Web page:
How tiny is it: 18,704 square miles
Or, roughly: Two New Hampshires
Tiny fact: Some 83 Dominicans were on opening-day Major League Baseball rosters this year, about 10 percent of all MLB players.
Oh great, you say. The Dominican Republic. I think my aunt went on a package tour there last Easter. And you’re half-right. (Probably. I don’t know your aunt.) Millions of Americans are lured to the eastern part of the island of Hispaniola every year by cheap airfares and norovirus-rich all-you-can eat buffets. But if you’ll promise to avoid Punta Cana and other all-inclusive resorts, you’ll have a time worth remembering.
The modern-day Dominican Republic is where Europe, Africa, and the Americas have been colliding for five centuries now. You’ll see, hear, smell, and taste some of the greatest products of that mashup in its pulsating capital, Santo Domingo, whose colonial zone is home to the first European cathedral, street, and pretty much everything else this side of the Atlantic. You can feel it at games of the most exciting baseball league in the world. And you can imagine those first steps of discovery on its endless stretches of beach (all public by law, though sometimes rich people will ignore this) — best among them the lesser-known gems like Bahía de las Águilas, a desert strand beside crystalline waters near the Haitian border, best accessed by fisherman’s boat.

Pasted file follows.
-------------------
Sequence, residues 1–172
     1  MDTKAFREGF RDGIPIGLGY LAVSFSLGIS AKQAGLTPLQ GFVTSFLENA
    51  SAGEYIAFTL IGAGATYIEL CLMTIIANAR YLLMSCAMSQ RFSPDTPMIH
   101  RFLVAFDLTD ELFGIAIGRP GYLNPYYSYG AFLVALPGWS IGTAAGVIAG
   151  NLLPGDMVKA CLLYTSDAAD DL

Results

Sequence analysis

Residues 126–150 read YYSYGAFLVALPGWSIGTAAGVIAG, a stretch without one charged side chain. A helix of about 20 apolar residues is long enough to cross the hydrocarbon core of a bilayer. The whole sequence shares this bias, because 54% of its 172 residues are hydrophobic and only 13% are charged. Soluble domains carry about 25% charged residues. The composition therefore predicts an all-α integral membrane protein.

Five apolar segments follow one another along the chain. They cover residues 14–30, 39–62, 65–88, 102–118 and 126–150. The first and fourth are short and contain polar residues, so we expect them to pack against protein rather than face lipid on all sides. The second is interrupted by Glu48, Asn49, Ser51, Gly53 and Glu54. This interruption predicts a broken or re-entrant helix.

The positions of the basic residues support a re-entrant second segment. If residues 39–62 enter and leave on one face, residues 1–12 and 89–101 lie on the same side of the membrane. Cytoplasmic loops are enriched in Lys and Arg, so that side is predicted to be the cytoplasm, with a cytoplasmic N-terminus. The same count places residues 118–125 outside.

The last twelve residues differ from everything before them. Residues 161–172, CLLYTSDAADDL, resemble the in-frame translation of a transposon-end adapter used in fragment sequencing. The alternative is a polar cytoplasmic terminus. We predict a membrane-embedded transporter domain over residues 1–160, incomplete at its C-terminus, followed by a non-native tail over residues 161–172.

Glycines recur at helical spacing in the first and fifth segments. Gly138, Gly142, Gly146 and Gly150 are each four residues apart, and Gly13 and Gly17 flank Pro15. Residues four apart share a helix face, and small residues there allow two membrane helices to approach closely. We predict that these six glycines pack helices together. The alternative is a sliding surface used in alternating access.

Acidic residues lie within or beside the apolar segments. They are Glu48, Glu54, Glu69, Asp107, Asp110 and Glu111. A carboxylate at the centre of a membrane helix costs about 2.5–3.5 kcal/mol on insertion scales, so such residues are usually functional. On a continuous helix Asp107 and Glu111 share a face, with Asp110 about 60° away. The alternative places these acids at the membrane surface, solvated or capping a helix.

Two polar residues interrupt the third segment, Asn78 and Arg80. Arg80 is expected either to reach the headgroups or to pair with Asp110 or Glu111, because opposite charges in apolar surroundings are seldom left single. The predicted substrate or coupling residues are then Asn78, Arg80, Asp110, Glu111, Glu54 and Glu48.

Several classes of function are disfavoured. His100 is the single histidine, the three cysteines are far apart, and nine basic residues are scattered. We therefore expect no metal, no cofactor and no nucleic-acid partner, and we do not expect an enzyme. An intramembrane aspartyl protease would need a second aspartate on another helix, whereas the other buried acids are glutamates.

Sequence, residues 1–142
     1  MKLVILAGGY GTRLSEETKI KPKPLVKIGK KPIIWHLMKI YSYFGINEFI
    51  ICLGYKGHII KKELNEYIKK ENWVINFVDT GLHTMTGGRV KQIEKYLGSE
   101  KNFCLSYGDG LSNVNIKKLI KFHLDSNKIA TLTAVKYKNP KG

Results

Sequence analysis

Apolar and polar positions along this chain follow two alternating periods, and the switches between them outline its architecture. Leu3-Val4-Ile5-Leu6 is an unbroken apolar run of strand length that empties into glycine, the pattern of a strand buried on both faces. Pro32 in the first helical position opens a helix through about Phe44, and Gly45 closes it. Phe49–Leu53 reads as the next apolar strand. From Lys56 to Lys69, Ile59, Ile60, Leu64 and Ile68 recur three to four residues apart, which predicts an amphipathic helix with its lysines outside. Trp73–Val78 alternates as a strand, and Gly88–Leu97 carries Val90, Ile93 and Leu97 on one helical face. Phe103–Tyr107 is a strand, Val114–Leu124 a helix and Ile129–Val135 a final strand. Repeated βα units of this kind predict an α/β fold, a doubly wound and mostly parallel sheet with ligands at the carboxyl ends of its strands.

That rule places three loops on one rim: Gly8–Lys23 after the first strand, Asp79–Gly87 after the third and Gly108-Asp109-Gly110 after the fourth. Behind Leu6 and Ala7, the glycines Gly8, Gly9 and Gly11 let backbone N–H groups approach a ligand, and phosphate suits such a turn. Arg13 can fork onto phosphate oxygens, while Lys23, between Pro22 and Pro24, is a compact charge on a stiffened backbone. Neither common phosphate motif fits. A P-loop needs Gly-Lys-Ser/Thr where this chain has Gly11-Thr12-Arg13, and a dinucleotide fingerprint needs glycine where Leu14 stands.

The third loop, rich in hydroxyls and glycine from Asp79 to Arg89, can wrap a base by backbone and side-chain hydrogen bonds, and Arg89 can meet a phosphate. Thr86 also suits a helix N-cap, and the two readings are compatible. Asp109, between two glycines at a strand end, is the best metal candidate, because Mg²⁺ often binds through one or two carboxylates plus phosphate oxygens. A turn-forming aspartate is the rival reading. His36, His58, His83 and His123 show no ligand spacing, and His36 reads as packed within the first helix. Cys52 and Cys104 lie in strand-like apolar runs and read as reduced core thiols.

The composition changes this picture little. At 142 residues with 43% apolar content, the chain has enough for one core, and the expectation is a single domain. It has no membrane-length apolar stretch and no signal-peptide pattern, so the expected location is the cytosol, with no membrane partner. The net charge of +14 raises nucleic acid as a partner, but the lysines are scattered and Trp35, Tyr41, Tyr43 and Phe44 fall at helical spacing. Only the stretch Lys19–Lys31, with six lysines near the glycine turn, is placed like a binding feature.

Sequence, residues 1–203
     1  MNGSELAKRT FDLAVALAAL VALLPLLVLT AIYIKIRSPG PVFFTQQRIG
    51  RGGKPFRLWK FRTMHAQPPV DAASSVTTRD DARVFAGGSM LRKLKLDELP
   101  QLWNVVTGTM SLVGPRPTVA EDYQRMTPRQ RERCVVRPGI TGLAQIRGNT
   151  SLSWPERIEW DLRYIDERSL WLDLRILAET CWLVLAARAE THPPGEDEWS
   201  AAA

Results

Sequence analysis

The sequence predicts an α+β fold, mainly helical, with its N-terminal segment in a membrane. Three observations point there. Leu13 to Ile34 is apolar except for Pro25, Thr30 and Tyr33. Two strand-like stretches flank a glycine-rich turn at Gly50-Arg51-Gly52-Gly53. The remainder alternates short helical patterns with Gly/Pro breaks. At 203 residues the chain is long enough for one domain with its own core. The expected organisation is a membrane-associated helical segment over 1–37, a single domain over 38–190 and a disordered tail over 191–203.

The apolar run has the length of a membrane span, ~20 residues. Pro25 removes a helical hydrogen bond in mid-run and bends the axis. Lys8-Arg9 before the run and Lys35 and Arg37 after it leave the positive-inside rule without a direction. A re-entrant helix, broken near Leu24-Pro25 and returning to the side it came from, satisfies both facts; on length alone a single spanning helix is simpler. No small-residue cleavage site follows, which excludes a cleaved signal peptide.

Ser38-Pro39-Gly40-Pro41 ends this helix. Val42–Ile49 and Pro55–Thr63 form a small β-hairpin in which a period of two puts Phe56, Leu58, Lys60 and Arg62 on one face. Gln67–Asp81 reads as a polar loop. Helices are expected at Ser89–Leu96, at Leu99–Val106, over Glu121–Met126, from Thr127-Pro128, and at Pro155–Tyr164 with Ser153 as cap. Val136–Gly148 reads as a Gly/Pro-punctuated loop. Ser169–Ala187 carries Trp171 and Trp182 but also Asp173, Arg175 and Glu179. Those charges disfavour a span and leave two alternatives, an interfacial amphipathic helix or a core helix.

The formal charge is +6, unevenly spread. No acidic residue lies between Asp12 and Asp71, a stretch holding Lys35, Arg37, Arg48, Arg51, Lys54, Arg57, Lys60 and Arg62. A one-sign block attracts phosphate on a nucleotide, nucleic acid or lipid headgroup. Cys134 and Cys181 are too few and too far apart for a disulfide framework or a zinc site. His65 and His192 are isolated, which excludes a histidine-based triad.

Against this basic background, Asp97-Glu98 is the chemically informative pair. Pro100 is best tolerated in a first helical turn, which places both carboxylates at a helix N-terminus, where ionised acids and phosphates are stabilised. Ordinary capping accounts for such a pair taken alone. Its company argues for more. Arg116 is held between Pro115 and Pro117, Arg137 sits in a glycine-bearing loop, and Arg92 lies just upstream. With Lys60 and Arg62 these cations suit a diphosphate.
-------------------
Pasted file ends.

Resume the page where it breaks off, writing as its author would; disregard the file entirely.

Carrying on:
Above all, you’ll hear the echoes in the music of the streets — the staccato creole Spanish of its people, and the merengue, bachata, and reggaeton music shaking the ground. Unlike the explorers and invaders who came before, including your aunt, you will have only one mission: drink the rum, lose your fear, and dance.
And yet: Some people may tell you not to go. For the past few years, under the pretense of cracking down on illegal immigration, the Dominican government has been hassling the million or so people of Haitian descent living in the Dominican Republic. Activist groups have called for tourism boycotts. The choice is yours, but here is an alternative take. Many Haitian immigrants and Dominicans of Haitian descent depend on tourism to survive, and if an economic crash comes, they will be among the first to suffer. Go and learn about the place, practice your Spanish, and come home rested, invigorated, informed. – Jonathan M. Katz, Thrillist contributor